Interestingly NT Wright develops the thought that Paul has Genesis 1 and 2 underpinning his understanding and thereby 'sees the final act of redemption not as a rescue from creation but as the renewal of creation'. I like how NT develops this and draws on Philippians 3:20 imagery of heavenly citizenship - the point being that "Citizenship is a point about status and allegiance, not a place of residence" (pp230). Therefore,
"For Paul, the resurrection of Jesus of Nazareth is the heart of the Gospel... it is the object of faith, the ground of justification, the basis for obedient Christian living, the motivation for unity, and, not least, the challenge to the principalities and powers".NT Wright concludes - having fried my brain - by pointing out that 'Paul held a richly variegated, but fluently integrated understanding of the resurrection' (pp 271) which he used for different purposes. That of pointing to the power of God, that of illustrating the future hope of bodily resurrection and that of underlining in the present the power for Christian living.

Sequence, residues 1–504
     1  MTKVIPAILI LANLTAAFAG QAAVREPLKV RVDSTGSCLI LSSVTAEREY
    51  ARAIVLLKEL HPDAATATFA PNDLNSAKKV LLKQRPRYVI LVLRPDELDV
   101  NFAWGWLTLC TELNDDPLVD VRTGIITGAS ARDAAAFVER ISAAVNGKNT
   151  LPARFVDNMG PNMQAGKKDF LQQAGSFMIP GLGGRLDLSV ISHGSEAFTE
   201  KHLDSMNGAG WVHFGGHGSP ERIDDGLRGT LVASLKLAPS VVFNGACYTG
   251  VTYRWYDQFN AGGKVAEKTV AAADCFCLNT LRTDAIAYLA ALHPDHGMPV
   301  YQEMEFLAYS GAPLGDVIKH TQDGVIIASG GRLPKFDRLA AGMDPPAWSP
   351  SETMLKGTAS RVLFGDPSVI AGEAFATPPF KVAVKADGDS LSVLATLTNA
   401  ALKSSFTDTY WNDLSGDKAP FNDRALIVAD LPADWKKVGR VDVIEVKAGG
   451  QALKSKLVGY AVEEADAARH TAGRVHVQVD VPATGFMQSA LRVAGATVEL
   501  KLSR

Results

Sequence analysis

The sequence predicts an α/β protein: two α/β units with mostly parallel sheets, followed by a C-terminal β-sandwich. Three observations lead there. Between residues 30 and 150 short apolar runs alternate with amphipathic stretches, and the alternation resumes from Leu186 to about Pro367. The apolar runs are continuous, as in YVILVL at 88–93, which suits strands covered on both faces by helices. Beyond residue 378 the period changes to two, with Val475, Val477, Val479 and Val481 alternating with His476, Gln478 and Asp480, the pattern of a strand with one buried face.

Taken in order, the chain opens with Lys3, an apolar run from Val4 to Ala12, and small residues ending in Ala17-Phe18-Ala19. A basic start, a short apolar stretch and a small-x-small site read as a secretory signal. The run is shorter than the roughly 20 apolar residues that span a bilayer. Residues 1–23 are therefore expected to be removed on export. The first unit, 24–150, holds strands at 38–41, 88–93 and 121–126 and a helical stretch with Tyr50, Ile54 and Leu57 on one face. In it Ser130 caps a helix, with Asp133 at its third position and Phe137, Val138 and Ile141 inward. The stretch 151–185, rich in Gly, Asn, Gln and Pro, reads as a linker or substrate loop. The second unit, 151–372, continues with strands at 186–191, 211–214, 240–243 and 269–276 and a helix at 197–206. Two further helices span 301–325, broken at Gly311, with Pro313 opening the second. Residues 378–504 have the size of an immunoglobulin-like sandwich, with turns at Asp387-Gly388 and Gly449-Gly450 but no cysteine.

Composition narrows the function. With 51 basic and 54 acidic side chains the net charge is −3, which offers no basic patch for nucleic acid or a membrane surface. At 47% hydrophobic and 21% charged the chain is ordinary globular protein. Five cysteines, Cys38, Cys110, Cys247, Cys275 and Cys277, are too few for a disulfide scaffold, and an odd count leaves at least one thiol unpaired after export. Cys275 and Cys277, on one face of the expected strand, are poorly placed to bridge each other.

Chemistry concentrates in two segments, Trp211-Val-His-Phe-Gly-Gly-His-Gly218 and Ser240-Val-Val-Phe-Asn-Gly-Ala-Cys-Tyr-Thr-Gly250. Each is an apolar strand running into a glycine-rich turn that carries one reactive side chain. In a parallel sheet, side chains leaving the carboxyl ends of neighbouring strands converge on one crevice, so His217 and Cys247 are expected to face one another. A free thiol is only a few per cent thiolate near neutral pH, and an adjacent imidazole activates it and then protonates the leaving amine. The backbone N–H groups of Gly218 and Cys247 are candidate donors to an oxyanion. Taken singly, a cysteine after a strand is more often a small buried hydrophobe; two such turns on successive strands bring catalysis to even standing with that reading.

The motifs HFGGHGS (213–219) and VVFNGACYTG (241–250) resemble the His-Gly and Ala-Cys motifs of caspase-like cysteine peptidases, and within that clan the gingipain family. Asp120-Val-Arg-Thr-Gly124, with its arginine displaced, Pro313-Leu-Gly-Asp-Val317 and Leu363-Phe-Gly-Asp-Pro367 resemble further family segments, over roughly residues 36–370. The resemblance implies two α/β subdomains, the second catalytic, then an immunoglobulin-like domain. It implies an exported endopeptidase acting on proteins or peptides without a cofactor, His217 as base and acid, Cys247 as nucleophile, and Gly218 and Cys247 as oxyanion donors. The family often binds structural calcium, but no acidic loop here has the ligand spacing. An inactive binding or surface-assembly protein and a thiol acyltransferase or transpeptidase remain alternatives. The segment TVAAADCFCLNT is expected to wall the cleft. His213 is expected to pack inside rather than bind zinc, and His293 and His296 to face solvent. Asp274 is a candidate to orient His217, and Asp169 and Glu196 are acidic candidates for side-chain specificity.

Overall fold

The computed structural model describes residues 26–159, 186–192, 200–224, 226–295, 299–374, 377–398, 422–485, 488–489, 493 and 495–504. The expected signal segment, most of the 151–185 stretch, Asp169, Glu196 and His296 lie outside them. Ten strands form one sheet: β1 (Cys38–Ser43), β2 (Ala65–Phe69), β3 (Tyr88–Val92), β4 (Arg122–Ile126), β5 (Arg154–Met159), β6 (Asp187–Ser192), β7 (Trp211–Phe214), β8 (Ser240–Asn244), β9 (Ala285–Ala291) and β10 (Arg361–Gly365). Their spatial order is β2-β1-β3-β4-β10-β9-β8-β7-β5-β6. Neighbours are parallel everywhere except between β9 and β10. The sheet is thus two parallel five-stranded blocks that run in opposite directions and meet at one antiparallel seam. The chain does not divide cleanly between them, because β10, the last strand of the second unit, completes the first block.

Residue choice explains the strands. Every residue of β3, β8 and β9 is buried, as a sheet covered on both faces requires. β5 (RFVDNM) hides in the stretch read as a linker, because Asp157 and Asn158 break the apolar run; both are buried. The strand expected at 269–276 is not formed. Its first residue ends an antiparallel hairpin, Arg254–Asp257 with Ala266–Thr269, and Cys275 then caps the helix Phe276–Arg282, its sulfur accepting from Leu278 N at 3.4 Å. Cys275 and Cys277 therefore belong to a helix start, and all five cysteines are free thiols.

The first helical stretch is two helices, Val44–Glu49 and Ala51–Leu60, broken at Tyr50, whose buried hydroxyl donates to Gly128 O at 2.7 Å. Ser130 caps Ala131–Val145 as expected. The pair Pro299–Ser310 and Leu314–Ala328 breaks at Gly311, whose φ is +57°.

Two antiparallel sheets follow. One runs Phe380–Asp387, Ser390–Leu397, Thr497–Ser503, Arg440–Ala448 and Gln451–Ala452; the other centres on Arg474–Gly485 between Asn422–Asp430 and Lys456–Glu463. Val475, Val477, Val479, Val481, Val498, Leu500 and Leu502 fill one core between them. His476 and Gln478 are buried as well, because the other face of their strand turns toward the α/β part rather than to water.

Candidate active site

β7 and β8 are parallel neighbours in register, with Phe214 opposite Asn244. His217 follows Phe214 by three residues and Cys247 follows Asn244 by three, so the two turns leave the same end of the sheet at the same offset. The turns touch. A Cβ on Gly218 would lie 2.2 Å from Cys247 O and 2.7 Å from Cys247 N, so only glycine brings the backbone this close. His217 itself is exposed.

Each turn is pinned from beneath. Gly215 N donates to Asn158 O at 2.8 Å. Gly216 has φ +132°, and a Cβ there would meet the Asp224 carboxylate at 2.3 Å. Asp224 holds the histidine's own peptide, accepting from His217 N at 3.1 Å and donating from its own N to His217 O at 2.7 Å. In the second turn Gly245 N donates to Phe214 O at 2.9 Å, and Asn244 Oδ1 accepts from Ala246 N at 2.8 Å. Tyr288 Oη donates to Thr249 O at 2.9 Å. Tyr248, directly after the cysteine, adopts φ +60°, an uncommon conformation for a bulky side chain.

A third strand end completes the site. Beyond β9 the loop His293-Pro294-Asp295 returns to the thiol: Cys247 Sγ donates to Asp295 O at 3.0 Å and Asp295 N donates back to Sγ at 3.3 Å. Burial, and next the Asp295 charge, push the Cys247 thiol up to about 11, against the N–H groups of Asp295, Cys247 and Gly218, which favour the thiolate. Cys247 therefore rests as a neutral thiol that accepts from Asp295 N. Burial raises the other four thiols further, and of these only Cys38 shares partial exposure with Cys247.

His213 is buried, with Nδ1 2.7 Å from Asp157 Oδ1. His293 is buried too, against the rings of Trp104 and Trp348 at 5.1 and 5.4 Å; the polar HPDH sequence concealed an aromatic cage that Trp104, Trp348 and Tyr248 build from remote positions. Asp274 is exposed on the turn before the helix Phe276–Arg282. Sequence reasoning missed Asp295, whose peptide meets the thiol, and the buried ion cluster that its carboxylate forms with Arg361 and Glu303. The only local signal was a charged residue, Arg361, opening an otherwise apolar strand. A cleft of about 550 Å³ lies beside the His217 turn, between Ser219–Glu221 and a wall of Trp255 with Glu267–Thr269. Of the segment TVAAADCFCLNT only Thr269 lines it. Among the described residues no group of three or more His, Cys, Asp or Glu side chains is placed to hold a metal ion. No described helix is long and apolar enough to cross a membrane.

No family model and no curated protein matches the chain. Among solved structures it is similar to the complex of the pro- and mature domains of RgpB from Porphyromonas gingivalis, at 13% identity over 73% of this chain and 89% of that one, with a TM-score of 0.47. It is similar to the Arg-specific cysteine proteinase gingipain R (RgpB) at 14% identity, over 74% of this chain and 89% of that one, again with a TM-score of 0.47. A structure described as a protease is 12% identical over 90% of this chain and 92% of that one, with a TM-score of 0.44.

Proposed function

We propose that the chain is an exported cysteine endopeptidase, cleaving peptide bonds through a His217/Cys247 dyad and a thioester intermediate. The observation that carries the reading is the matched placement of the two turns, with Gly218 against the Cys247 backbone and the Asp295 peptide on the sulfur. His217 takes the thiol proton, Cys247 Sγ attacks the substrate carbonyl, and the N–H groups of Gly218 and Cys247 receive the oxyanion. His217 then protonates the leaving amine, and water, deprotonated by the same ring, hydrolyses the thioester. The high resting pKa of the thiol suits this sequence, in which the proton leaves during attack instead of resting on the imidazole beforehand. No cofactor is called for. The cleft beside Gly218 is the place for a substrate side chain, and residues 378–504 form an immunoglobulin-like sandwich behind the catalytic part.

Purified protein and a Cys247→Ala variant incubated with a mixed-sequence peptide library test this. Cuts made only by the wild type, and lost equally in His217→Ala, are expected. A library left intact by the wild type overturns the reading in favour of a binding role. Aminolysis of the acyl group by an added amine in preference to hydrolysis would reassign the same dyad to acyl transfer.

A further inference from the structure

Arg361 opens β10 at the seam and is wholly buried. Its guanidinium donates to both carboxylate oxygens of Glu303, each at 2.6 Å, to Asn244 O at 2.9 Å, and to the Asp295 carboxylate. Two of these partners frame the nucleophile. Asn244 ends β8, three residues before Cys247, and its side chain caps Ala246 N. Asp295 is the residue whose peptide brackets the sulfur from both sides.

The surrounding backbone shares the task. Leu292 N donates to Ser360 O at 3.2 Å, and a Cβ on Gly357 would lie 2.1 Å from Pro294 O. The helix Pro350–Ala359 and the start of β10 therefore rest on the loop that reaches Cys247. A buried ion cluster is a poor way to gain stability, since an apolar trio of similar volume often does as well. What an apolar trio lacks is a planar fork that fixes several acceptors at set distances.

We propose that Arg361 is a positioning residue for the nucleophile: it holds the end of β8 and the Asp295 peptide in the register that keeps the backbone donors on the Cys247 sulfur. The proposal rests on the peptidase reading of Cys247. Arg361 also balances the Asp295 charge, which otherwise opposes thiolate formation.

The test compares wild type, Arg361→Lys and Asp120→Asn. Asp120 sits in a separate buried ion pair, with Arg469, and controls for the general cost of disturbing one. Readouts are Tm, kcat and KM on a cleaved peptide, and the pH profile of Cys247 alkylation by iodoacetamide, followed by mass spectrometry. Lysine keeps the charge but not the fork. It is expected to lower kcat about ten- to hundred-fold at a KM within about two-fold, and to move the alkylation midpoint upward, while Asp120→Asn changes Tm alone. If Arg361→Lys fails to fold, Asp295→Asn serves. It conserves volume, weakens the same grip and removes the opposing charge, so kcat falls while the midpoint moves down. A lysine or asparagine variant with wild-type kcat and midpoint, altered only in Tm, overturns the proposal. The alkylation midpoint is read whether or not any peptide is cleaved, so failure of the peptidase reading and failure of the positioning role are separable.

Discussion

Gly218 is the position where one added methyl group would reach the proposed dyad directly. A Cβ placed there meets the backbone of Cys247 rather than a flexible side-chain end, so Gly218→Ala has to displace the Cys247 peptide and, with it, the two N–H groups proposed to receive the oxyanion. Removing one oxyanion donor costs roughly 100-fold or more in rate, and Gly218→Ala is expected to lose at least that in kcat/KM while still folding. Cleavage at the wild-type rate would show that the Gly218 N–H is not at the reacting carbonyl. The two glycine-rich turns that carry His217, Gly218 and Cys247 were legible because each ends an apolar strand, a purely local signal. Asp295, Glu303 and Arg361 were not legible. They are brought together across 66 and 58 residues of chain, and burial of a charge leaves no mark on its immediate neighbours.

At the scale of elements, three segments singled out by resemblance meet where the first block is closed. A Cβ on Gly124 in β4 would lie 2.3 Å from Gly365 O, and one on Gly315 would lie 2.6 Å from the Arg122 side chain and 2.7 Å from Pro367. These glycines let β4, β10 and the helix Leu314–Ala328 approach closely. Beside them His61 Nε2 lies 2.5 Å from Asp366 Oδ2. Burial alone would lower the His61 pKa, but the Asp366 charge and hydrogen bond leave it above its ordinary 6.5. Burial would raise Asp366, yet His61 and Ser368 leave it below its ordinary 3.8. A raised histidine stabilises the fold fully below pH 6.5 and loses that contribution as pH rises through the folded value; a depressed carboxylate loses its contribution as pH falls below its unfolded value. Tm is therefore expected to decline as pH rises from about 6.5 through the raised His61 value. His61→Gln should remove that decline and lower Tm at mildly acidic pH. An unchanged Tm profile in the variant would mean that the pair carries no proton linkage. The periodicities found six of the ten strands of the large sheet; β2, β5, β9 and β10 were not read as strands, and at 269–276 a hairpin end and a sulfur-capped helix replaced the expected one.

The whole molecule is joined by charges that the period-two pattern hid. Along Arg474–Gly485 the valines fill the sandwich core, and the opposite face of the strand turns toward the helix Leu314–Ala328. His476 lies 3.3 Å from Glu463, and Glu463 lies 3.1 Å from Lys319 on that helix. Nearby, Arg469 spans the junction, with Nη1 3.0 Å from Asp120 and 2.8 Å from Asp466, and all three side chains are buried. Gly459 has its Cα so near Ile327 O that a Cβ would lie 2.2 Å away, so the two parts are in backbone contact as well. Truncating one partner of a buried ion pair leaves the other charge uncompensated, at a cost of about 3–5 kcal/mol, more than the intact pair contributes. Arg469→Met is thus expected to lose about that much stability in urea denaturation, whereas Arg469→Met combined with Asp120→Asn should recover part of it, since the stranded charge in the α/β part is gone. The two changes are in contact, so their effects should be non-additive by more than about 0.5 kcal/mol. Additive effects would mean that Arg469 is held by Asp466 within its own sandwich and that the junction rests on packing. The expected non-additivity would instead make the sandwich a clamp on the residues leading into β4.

Resurrection in this sense happens first to Jesus and then all his people, but also has a new depth in that the metaphor that once meant restoration for Israel now points to the moral restoration which Paul points out only makes sense with the resurrection of Jesus.
This all points away from what NT Wright suggests is a skewed and highly gnostic eschatology - that of a disembodied heaven. Like he often says 'heaven is important but it is not the end of the world'!
NT Wright's The Resurrection 1/4